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Search Results: 1 - 10 of 127524 matches for " T. Matthew Eison "
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Serum Galactose-Deficient IgA1 Level Is Not Associated with Proteinuria in Children with IgA Nephropathy
M. Colleen Hastings,Sabahat Afshan,John T. Sanders,Oulimata Kane,T. Matthew Eison,Keith K. Lau,Zina Moldoveanu,Bruce A. Julian,Jan Novak,Robert J. Wyatt
International Journal of Nephrology , 2012, DOI: 10.1155/2012/315467
Abstract: Introduction. Percentage of galactose-deficient IgA1 (Gd-IgA1) relative to total IgA in serum was recently reported to correlate with proteinuria at time of sampling and during follow-up for pediatric and adult patients with IgA nephropathy. We sought to determine whether this association exists in another cohort of pediatric patients with IgA nephropathy. Methods. Subjects were younger than 18 years at entry. Blood samples were collected on one or more occasions for determination of serum total IgA and Gd-IgA1. Gd-IgA1 was expressed as serum level and percent of total IgA. Urinary protein/creatinine ratio was calculated for random specimens. Spearman’s correlation coefficients assessed the relationship between study variables. Results. The cohort had 29 Caucasians and 11 African-Americans with a male?:?female ratio of 1.9?:?1. Mean age at diagnosis was 11.7 ± 3.7 years. No statistically significant correlation was identified between serum total IgA, Gd-IgA1, or percent Gd-IgA1 versus urinary protein/creatinine ratio determined contemporaneously with biopsy or between average serum Gd-IgA1 or average percent Gd-IgA1 and time-average urinary protein/creatinine ratio. Conclusion. The magnitude of proteinuria in this cohort of pediatric patients with IgA nephropathy was influenced by factors other than Gd-IgA1 level, consistent with the proposed multi-hit pathogenetic pathways for this renal disease. 1. Introduction IgA nephropathy (IgAN) is the most common form of chronic glomerulonephritis for individuals of European and Asian descent [1, 2]. The level of proteinuria at diagnosis of IgAN has been associated with the primary endpoint of outcome (i.e., progression to chronic dialysis or transplantation) in adults [3–7] and children [8–11]. Data from clinical and basic research in IgAN has led to the hypothesis that four hits are responsible for clinical expression of IgAN [12]. The first hit is the presence of aberrantly glycosylated O-linked glycans on the heavy-chain hinge region of circulatory IgA1 that terminate in N-acetylgalactosamine (GalNAc) rather than galactose [13]. Elevated serum levels of this galactose-deficient IgA1 (Gd-IgA1) were found in 76% of 153 Caucasian adults with IgAN in the United States [14]. IgAN patients in Japan and China also had elevated serum Gd-IgA1 levels [15, 16], as did African-American patients in the southeastern United States [17]. In addition, elevated serum Gd-IgA1 levels were found in 77% of 22 African-American and Caucasian children with IgAN [18]. The second hit is the induction of circulating IgG or IgA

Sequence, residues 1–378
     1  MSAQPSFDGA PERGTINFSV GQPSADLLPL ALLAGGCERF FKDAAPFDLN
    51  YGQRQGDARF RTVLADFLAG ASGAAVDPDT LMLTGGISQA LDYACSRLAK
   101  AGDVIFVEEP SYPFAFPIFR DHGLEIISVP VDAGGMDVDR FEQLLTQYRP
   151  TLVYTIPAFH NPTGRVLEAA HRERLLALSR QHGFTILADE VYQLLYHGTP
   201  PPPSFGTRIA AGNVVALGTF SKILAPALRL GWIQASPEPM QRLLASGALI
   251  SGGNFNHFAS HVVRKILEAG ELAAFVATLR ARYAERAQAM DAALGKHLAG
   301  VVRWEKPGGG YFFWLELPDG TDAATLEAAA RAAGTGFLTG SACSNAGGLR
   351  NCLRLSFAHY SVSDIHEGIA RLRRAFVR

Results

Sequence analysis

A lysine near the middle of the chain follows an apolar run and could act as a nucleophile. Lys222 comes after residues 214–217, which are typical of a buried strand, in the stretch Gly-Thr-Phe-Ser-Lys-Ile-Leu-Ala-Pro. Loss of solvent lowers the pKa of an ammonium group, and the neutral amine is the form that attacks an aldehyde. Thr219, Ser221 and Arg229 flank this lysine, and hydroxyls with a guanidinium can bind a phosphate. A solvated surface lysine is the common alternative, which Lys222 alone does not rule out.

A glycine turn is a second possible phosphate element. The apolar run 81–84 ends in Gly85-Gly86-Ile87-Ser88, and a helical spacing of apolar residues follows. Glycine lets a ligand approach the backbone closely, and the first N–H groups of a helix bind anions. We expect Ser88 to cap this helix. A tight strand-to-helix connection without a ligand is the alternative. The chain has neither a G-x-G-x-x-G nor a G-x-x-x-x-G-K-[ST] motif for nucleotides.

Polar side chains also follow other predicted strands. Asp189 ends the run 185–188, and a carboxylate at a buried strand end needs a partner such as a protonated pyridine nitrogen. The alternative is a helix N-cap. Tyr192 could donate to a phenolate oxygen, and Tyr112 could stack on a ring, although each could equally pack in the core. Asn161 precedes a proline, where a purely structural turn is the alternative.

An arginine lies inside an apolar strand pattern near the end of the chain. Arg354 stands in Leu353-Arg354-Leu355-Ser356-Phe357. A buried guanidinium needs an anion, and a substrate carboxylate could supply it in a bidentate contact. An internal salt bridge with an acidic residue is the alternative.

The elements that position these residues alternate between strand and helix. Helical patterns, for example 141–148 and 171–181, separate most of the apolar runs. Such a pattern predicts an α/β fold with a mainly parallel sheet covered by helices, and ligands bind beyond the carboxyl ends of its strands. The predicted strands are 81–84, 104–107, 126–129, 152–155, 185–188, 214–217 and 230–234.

Happiness as Surplus or Freely Available Energy  [PDF]
Matthew T. Gailliot
Psychology (PSYCH) , 2012, DOI: 10.4236/psych.2012.39107
Abstract: This paper presents a literature review that indicate happiness as a state of freely available or surplus energy. Happiness is associated with good metabolism and glucose levels, fewer demands (from parenting, work, difficult social relationships, or personal threats), and goal achievement, as well as increased ease of processing, mental resources, social support, and monetary wealth. Each of these either provide or help conserve energy.
Mortality Salience and Metabolism: Glucose Drinks Reduce Worldview Defense Caused by Mortality Salience  [PDF]
Matthew T. Gailliot
Psychology (PSYCH) , 2012, DOI: 10.4236/psych.2012.311149
Abstract: The current work tested the hypothesis that a glucose drink would reduce worldview defense following mortality salience. Participants consumed either a glucose drink or placebo, wrote about either death or dental pain, and then completed a measure of worldview defense (viewing positively someone with pro-US views and viewing negatively someone with anti-US views). Mortality salience increased world- view defense among participants who consumed a placebo but not among participants who consumed a glucose drink. Glucose might reduce defensiveness after mortality salience by increasing the effectiveness of the self-controlled suppression of death-related thought, by providing resources to cope with mortality salience and reducing its threatening nature, or by distancing the individual from actual physical death.
Improved Self-Control Associated with Using Relatively Large Amounts of Glucose: Learning Self-Control Is Metabolically Expensive  [PDF]
Matthew T. Gailliot
Psychology (PSYCH) , 2012, DOI: 10.4236/psych.2012.311148